Saturday, January 31, 2009

Eastern Coyote: for Camera Critters

January 24, 2007, was my lucky day for I saw a handsome Eastern Coyote! I had been driving along the main highway and decided to check out a side road, which had open fields on both sides, thinking that I might possibly see some Snowbirds feeding there. Suddenly I saw movement to the left and, as I was braking and grabbing for my camera, a Coyote stopped abruptly, quickly turned direction, and headed for the woods bordering the field. After my first burst of pictures, I rolled down my car window just as it had reached the woods edge. Upon reaching relative safety it stopped momen -tarily to take a good look at me while I was taking several good photographic looks at it! What a beautiful sight it made through my camera lens! After watching my car for a few seconds it turned and loped off into the woods. Unlike a dog or a wolf, a Coyote runs with its tail pointed down and this was easily observed as it ran from view.

My appreciative thanks to Misty for hosting this site. To see other participant's photo contributions just click HERE or on the Camera Critters logo on the side panel.

Wednesday, January 28, 2009

Sepia Deer: for Sepia Scenes

This is a scene I came across this morning while out for a drive before the big snowstorm, that is currently happening, started. As I often post pictures of White-tailed Deer, I thought the use of a sepia format might give an old subject a new look.

A young deer had come out on the roadside as I approached a hill and bend beyond, and after watching my car for a moment it crossed in front of me. Still on the other side to where it had crossed, a car approached from the opposite direction and both, the other driver and I, being experienced with the sudden shift of plans of these beautiful wild creatures, waited a moment. And as suspected, the deer quickly had a change of mind and dashed across the road in front of both of our vehicles. As the deer bounded over the roadside and into a field beyond the other driver and I waved as we continued on our way.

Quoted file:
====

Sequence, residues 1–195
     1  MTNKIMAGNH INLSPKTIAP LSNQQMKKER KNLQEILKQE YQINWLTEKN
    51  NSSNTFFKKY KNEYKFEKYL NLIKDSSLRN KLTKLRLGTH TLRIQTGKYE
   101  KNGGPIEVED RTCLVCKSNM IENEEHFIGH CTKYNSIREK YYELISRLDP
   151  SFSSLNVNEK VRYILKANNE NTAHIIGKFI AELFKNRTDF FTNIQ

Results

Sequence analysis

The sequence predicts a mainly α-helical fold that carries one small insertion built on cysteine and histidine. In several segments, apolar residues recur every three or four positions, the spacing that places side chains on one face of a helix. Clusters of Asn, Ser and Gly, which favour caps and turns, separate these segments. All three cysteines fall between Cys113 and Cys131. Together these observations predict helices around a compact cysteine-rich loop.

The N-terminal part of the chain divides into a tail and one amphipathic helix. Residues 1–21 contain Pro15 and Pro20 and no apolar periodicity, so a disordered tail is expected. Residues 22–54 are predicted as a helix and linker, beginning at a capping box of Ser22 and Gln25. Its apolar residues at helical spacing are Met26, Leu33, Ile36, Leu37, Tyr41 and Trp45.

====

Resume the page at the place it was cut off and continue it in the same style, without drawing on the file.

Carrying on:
Sepia Scenes is a meme hosted by Mary/the Teach and it offers the opportunity to share with others; beautiful scenes in sepia tones.

Crowd Shots at the Lake

There is a park where I go sometimes if I want to take pictures of Mallards and Black Ducks, and I know there is an ample supply of Gulls available there too for picture taking. Yesterday I stopped by Lily Lake in Saint John, and although the lake was frozen, there were lots of hungry gulls and ducks hanging around. I just took a lot of random photos of the flow of their movements and resettling, which created all sorts of interesting groupings and flight shots. In these first two photos a Herring Gull and male Mallards settled down among some Black Ducks.

This photo above is easily a favourite as I really like the layering of Mallards in flight in the background as they pass behind, going in the opposite direction from the large one in the foreground. Clicking on these photos to enlarge them will really enhance your viewing of their beautiful colouring.
There were some Pigeons there too

editing note: